I also work on my laptop and when the weather is good, I go outside in our little gazebo to write out there. Ah, this is heaven—to write while being outdoors!
I have two little doggies; Biscuit, (a Westie) and Snickers, (a black and tan mini-dachshund) who are my constant companions. If I’m working inside, one settles down by my feet and sleeps while the other one takes a spot nearby to snooze. When I go outside to work, Biscuit and Snickers are ever alert and if they hear the smallest sound, they’ll run like crazy to the dog on the east, neighbor on the south, or chickens on the west, to bark like crazy and then look back at me to see if I am watching them and admiring what grand watchdogs they are.
Beside my computer is one essential; my candy dish. If I start getting tired, or hit a difficult spot, I pick up something to eat to stay awake or take my mind off the difficulties of writing. I’m careful, however, not to have high calories treats in my dish. Instead, I opt for smarties, jolly rancher candy, gummy bears, lemon drops, gum, etc. My husband likes to dehydrate fruit from the trees in our yard, so I usually have dried apples, peaches, apricots, or plums to chew on.
As for the hours I spend writing; I try to start working at 10 in the morning, after doing housework and yard work, then work until 12:30. After an hour and a half break to eat lunch, read, and if possible, take a 15 min. snooze, I return to my work, knocking off about 6:30. But there are a lot of things that take writing time, such as dentist or dr. appts., visiting teaching, cub scouts, etc., but I just try to go with the flow.


 Do you watch television or movies? If so, what are your favorites? Do they inspire your writing?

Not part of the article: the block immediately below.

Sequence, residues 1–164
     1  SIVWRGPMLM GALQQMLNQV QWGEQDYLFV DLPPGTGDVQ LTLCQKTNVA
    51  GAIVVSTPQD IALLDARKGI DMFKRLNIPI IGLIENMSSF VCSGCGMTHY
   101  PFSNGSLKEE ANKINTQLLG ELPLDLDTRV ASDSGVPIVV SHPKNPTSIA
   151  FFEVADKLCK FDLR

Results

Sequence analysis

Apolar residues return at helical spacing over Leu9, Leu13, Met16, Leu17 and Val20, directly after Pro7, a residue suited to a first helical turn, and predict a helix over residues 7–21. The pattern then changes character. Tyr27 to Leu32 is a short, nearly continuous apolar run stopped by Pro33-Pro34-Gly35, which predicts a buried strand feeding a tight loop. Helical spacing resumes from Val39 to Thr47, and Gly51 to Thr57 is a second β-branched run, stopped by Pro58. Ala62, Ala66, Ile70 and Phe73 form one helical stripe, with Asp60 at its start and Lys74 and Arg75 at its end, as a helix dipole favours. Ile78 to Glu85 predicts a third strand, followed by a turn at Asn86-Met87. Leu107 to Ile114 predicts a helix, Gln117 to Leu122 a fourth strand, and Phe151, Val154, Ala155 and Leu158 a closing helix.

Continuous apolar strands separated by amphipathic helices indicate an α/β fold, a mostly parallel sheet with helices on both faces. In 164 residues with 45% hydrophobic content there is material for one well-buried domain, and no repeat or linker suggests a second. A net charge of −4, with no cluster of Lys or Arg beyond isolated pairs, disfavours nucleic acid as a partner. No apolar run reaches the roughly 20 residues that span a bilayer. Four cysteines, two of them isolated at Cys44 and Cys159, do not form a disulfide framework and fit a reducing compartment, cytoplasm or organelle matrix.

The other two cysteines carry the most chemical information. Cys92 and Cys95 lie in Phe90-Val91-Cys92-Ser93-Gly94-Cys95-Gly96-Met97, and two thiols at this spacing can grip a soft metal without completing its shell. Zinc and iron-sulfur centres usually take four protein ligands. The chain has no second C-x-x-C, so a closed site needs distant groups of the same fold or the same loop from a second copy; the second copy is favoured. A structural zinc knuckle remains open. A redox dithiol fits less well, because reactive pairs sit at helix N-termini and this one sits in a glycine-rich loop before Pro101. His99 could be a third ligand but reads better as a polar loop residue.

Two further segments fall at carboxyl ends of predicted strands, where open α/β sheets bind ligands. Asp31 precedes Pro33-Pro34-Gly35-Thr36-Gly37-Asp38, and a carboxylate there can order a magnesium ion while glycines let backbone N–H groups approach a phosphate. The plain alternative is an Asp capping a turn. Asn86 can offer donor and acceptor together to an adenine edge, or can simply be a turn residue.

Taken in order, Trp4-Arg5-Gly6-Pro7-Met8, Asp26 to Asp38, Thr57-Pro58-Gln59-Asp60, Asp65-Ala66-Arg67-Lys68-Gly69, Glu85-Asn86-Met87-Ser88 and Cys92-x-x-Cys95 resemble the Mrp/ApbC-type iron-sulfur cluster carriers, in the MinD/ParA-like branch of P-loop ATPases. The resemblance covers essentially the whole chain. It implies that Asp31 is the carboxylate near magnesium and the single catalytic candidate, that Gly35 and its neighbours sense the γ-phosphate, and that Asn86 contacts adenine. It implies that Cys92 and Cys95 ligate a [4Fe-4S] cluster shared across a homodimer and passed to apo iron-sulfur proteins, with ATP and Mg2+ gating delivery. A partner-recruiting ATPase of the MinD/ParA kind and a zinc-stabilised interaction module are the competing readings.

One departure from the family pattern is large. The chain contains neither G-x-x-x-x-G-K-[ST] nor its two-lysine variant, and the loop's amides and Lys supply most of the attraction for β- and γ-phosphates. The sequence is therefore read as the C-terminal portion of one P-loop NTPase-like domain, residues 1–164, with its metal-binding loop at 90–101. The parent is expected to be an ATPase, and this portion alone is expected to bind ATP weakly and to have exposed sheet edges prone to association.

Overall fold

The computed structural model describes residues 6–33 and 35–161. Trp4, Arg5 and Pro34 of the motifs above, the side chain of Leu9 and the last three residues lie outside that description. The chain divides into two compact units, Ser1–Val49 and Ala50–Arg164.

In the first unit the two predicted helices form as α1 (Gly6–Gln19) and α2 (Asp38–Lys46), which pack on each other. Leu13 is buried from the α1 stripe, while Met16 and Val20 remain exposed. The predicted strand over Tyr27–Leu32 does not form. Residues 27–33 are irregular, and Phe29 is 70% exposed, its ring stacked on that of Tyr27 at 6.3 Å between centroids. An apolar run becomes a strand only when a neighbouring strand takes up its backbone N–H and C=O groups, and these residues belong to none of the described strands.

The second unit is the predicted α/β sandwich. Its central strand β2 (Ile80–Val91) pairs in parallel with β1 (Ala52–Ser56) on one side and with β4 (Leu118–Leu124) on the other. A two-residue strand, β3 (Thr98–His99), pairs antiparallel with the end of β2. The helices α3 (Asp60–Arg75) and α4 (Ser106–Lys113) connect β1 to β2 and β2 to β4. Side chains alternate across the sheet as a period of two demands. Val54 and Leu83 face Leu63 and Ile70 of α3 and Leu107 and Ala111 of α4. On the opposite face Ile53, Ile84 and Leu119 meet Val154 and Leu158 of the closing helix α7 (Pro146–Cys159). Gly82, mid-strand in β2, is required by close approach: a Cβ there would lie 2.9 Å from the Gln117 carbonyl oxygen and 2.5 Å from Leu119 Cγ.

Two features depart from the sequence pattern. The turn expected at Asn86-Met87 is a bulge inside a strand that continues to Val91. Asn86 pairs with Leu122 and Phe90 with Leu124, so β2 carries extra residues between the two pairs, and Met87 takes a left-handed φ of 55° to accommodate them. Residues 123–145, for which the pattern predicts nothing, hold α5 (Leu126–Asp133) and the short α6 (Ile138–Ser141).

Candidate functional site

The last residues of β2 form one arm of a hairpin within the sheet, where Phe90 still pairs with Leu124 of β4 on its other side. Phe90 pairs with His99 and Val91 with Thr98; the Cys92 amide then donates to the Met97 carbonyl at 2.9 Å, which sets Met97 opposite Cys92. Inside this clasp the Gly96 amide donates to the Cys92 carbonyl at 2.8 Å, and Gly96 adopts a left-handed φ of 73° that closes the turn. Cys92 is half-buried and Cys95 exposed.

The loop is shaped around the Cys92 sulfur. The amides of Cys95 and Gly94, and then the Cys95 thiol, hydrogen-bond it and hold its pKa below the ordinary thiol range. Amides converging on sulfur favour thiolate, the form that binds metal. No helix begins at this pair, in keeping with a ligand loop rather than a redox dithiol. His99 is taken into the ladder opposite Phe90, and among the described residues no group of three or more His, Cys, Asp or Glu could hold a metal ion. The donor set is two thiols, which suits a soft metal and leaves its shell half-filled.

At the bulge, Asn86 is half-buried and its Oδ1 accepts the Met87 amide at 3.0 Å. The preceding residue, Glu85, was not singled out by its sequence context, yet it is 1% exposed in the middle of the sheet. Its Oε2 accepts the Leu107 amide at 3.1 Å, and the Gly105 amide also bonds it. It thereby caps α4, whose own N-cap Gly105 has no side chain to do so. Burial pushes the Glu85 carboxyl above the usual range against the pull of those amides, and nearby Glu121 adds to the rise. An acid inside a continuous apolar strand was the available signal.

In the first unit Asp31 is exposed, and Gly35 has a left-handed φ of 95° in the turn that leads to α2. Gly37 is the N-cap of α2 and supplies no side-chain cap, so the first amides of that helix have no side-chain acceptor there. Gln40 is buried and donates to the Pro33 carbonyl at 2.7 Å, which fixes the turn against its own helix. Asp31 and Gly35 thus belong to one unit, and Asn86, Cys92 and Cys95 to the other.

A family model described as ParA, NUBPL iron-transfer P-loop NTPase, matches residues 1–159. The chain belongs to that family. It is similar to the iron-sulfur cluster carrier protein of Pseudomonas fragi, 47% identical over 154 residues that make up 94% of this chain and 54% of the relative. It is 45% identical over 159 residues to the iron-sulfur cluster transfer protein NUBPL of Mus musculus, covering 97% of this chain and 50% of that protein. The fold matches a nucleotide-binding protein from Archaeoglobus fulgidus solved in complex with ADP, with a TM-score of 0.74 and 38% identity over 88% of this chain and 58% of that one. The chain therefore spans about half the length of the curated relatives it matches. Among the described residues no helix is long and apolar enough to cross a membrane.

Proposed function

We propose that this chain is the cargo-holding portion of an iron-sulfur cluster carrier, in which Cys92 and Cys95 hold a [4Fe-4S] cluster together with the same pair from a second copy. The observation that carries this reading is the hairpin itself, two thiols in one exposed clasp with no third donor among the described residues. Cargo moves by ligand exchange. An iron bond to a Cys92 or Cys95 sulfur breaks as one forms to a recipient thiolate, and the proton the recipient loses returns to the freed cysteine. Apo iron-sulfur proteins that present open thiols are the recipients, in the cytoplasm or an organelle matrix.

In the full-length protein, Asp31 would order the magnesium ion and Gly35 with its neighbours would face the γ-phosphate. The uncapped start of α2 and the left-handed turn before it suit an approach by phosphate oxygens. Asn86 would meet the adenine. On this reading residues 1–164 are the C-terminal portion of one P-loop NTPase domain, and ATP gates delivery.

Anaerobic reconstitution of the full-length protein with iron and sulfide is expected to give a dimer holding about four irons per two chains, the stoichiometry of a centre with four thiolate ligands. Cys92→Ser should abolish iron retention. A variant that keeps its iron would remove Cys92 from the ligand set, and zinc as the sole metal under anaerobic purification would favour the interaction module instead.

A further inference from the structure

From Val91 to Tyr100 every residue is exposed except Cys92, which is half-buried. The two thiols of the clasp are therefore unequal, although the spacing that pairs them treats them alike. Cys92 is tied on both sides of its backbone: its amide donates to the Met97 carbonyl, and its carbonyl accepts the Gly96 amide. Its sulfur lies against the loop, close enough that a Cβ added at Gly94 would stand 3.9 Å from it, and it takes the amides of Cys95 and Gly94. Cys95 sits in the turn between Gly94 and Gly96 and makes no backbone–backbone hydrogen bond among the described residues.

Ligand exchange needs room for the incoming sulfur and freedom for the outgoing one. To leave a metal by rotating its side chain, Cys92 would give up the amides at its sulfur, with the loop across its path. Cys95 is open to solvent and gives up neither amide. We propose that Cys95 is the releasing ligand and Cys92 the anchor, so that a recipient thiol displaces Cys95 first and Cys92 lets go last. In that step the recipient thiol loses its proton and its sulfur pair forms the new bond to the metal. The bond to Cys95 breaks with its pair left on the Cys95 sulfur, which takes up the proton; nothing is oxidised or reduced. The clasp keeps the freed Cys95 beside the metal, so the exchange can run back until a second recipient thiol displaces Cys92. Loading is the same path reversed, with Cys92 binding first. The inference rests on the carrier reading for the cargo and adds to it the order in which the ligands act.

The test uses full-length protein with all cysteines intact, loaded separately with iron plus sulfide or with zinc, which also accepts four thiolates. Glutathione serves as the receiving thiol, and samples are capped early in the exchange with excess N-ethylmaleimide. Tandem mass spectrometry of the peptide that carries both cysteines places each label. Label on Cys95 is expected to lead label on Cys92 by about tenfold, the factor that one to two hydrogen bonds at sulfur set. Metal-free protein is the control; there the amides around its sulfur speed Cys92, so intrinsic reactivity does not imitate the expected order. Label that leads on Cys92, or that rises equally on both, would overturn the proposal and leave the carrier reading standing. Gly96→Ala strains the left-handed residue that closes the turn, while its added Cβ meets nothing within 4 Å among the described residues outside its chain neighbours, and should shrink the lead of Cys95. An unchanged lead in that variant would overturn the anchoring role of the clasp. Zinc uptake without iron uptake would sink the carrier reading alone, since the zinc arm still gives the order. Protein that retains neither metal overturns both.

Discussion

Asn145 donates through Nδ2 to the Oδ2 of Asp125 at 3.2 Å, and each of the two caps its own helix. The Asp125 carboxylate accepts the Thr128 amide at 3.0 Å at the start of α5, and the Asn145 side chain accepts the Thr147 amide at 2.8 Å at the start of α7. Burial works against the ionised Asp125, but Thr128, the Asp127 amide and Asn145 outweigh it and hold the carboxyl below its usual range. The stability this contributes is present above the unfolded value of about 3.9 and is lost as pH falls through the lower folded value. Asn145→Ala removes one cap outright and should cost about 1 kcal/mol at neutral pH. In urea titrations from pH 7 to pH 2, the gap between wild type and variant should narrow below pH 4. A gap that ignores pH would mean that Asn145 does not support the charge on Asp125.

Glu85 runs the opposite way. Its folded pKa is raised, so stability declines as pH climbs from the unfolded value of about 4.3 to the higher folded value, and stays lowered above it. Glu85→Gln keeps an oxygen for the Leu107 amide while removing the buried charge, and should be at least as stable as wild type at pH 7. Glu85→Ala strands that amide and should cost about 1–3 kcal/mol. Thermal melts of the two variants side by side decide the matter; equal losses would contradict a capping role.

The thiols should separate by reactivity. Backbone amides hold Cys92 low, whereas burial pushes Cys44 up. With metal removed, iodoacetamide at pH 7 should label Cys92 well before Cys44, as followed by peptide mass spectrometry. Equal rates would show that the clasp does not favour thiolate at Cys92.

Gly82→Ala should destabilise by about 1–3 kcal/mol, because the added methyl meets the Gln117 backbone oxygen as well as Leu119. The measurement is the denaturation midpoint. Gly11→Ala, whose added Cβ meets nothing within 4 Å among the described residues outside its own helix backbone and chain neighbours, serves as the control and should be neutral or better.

I love watching movies, but because I have a hearing loss, I only watch them on TV, or DVD’s, so I can have closed captioning. I love sit coms, especially the golden oldies like “I Love Lucy,” “Andy Griffith,” and “Mash”. I recently started watching Monk, a mystery-comedy series, which I find hilarious. I love it!!! He’s so quirky and strange and yet a sheer genius at solving mysteries. Unfortunately, the series just ended, but I was so in love with the show I bought the series on the internet. I don’t think they inspire my writing, although watching them brings out the critique in me when I see circumstances or situations that couldn’t possible happen, or deductions made out of the blue.


How has being published changed your life?
It really didn’t change my life much. I used to hope that it gave me a little more credibility with my children, but that was too much to hope for! As my children were growing up, they always felt Mom spent far too much time on the computer. I believe they thought that if I spent less time at my silly writing, and more on housework, that they wouldn’t have to do a job every day. Silly them! With seven children, I had to have each of them help, with or without writing!


Do you have any book signings, tours or special events planned to promote your book that readers might be interested in attending? If so, when and where? Also tell about your blog and website.
On Oct. 9th, I’ll be at the Seagull Book in Logan, Utah from noon to 1:30. I don’t have a blog, I’m technically challenged that way but am going to try and get in gear and get one started.
My website is www.marlenesullivan.com My son put it together for me and didn’t like the background I choose, felt it was too fussy and feminine. But I’m a real flower lover, having been a florist for many years and I love it. I also love those cute little butterflies that flit and fly among the flowers!

5 comments:

  1. Great interview. I love the cover - so striking. Best of luck to Marlene!

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  2. I love author interviews. It's so interesting to get a glimpse into an autor's life.

    Thanks :-)

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  3. Great interview ladies! I am going to check out some of those books, they sound so interesting to me. =)

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  4. Talli:
    Her book does have a very striking cover. Just right for a suspense.

    Misha:
    I like to get a peek into other authors lives as well. :]

    Laura:
    Thanks!

    Carolyn:
    Marlene has quite the list of books. They all sound quite fascinating.

    Thanks to all of you for dropping by. :]

    ReplyDelete